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Sunday, April 1, 2012

Dimensions of impulsivity among heavy drinkers, smokers, and heavy drinking smokers: Singular and combined effects

Alcohol use and cigarette smoking commonly co-occur. The role impulsivity may play as a common underlying mechanism in alcohol use and cigarette smoking is of particular interest due to emerging evidence of it being a critical component across multiple forms of addiction.

Impulsivity can be examined through several constructs including, risky decision-making, response inhibition, and delay reward discounting. Impulsivity and each of these specific constructs play significant roles in the initiation of drug use, continued use despite negative consequences, and potential to relapse.

This study used three behavioral tasks to measure risky decision-making (Balloon Analog Risk Test; BART), response inhibition (Stop Signal Task; SST), and delay reward discounting (Delay Discounting Task; DDT).

This study advances research on impulsivity and substance use by parsing out the various components of impulsivity and examining them across three groups, heavy drinkers only (HD) (N = 107), smokers only (S) (N = 67), and heavy drinking smokers (HDS) (N = 213).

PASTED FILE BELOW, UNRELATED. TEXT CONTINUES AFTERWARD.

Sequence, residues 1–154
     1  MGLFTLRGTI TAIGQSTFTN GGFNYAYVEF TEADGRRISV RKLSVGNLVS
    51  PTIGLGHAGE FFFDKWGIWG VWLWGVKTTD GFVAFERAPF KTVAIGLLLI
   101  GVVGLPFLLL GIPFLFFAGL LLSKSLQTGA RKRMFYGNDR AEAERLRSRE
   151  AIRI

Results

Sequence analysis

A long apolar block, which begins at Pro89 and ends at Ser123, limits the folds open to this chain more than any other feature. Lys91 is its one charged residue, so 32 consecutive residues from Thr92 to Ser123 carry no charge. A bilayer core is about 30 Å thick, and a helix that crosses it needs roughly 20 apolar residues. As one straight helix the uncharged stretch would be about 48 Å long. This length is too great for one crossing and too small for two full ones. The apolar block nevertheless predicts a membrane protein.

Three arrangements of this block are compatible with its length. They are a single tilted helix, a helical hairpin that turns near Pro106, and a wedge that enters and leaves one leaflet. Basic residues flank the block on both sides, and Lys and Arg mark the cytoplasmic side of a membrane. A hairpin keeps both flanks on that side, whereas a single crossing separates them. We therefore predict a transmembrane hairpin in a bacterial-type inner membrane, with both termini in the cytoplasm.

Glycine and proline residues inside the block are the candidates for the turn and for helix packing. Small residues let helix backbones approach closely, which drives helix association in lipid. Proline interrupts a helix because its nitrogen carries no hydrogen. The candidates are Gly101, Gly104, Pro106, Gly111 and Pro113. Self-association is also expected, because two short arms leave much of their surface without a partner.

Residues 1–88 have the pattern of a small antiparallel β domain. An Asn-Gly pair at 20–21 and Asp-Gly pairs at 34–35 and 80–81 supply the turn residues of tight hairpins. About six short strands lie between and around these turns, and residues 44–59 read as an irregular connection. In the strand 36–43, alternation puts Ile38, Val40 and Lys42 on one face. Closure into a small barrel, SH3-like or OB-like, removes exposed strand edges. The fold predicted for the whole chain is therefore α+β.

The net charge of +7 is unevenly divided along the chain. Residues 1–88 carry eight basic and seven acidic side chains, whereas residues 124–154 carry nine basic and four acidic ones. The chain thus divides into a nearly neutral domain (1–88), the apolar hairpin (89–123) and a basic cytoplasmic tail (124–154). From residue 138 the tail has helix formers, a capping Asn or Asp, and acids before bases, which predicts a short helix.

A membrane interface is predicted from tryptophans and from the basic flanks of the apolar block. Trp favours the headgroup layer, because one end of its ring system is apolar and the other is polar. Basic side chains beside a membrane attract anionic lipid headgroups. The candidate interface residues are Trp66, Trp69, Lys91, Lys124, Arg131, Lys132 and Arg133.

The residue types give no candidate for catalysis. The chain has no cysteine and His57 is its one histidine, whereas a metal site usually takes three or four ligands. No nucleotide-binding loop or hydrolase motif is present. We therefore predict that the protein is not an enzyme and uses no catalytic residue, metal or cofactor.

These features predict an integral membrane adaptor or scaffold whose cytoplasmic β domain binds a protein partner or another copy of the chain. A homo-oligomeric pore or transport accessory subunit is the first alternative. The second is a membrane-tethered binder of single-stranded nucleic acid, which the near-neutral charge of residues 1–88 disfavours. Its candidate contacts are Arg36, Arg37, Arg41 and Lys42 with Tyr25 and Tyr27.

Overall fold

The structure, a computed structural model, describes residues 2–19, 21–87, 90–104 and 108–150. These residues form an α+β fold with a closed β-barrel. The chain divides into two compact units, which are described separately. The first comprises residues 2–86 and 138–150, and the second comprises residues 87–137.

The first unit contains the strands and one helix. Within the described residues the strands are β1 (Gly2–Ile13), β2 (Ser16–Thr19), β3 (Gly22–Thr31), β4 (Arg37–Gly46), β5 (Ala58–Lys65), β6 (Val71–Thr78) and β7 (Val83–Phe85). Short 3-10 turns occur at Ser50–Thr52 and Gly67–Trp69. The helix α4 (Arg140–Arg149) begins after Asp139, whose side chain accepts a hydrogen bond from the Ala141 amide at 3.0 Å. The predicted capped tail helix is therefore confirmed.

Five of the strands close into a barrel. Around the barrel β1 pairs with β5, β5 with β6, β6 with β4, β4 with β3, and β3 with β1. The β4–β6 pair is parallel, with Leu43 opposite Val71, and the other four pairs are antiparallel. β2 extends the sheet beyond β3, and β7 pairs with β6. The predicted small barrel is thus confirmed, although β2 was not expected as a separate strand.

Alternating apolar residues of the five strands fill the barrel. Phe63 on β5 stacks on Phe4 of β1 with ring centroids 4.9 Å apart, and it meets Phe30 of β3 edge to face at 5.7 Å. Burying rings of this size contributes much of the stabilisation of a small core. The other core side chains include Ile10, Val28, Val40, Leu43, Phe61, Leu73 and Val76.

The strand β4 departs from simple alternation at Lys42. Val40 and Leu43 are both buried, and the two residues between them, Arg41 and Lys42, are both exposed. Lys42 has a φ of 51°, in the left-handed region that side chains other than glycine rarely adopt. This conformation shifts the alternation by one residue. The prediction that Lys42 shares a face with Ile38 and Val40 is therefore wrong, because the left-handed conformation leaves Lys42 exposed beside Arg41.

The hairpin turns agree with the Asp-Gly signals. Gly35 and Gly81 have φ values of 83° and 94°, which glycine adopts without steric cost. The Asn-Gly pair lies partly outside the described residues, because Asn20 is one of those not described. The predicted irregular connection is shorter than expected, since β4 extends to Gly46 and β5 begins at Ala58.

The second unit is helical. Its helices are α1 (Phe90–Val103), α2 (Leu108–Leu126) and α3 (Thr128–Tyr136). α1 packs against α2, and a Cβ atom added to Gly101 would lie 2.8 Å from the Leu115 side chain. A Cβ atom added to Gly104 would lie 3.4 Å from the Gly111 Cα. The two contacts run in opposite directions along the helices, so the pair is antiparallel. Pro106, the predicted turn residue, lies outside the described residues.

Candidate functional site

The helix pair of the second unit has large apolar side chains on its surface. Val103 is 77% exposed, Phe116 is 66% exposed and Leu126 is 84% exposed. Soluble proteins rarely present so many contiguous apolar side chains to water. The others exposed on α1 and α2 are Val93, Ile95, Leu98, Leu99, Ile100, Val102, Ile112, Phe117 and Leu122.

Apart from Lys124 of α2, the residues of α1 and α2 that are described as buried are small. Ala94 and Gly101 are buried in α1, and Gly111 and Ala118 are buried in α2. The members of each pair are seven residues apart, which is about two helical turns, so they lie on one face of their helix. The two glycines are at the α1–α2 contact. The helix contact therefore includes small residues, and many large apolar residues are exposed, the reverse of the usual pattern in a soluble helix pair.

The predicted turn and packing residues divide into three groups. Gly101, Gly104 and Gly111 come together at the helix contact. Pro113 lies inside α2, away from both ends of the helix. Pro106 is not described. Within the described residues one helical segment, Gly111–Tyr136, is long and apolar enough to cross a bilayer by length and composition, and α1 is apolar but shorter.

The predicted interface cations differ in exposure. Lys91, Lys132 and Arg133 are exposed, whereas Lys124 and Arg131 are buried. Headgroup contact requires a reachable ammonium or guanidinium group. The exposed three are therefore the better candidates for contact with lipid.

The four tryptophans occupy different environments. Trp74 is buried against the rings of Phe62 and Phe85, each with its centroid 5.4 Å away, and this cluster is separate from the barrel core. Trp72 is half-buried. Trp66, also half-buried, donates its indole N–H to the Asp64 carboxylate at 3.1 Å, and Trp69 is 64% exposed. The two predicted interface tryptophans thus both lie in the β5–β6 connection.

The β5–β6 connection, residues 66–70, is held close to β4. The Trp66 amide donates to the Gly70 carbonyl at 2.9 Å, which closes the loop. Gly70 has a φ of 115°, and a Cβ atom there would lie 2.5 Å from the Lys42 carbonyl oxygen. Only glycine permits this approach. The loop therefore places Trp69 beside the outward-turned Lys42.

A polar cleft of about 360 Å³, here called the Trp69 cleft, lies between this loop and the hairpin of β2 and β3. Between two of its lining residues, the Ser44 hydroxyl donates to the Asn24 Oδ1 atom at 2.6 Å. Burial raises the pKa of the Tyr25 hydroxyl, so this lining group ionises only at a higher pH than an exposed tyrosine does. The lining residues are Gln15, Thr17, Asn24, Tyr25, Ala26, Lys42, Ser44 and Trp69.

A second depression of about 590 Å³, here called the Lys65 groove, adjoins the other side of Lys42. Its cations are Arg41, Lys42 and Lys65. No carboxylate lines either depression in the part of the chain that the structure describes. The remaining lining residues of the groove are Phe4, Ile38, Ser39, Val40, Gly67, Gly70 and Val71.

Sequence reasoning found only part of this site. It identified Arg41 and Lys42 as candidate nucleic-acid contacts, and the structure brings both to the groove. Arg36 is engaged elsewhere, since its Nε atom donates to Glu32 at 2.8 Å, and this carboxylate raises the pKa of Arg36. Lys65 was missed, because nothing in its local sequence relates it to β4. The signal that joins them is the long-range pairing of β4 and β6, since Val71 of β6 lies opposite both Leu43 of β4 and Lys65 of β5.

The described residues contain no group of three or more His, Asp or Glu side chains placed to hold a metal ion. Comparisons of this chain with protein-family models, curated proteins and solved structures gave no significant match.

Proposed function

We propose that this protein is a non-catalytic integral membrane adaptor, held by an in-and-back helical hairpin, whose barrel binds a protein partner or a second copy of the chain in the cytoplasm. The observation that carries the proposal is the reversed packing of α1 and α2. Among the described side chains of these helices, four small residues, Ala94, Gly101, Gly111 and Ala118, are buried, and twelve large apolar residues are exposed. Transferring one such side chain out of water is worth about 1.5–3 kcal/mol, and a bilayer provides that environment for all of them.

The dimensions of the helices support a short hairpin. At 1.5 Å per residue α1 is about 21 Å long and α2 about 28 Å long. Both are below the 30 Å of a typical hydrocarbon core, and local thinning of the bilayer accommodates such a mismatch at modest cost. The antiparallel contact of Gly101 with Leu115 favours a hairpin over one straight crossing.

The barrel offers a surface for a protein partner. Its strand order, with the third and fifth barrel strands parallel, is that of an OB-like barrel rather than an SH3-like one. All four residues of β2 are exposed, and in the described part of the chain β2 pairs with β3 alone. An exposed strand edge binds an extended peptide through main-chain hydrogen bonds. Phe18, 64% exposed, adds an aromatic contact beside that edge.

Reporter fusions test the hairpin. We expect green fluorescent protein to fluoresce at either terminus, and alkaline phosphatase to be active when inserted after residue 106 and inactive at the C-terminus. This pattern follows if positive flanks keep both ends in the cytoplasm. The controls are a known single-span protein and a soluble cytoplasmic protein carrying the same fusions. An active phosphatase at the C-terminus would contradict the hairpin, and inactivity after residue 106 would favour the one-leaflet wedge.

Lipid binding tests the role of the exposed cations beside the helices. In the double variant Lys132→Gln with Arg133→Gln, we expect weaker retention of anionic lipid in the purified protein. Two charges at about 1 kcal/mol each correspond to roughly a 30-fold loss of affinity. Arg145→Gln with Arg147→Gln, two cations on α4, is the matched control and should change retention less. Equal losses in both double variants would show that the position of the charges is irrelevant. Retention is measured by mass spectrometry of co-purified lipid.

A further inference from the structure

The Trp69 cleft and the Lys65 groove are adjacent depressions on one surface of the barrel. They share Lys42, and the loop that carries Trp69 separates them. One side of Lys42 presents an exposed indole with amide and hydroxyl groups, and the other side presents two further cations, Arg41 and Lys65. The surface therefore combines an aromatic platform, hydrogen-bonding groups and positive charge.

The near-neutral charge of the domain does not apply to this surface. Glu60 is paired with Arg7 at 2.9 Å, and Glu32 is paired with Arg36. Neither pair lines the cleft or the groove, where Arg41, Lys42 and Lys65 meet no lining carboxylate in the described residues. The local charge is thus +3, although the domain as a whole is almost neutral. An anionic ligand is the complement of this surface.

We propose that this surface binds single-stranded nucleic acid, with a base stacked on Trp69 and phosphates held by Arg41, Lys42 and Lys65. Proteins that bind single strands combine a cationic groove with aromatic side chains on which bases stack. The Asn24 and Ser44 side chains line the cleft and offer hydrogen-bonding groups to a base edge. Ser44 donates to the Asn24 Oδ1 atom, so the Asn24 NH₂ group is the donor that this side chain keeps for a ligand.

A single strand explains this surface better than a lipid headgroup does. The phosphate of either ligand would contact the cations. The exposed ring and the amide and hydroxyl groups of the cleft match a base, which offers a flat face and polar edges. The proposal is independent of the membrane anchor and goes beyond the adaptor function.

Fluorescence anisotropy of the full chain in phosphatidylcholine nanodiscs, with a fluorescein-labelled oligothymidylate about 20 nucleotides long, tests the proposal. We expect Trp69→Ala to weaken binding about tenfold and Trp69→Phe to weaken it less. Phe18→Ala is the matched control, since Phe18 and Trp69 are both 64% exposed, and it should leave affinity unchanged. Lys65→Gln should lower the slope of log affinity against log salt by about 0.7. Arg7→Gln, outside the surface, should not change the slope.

Participants completed questionnaires, interviews, and neurocognitive tasks including the SST, BART, and DDT. Analyses supported an additive effect of alcohol and nicotine use in delay reward discounting.

Heavy drinking smokers displayed steeper delay discounting of small rewards than did smokers only (
p < .05) and heavy drinkers only (p < .05).

This additive effect of smoking and drinking was not observed for risky decision-making and response inhibition, suggesting specificity of the effects for delay reward discounting.

These findings indicate that those who both drink heavily and smoke cigarettes daily have increased delay reward discounting, than those in the S and HD groups.

Future studies should examine these constructs longitudinally, as well as incorporate genetic and/or a neuroimaging component to these group comparisons in order to ascertain the biological bases of these behavioral findings.

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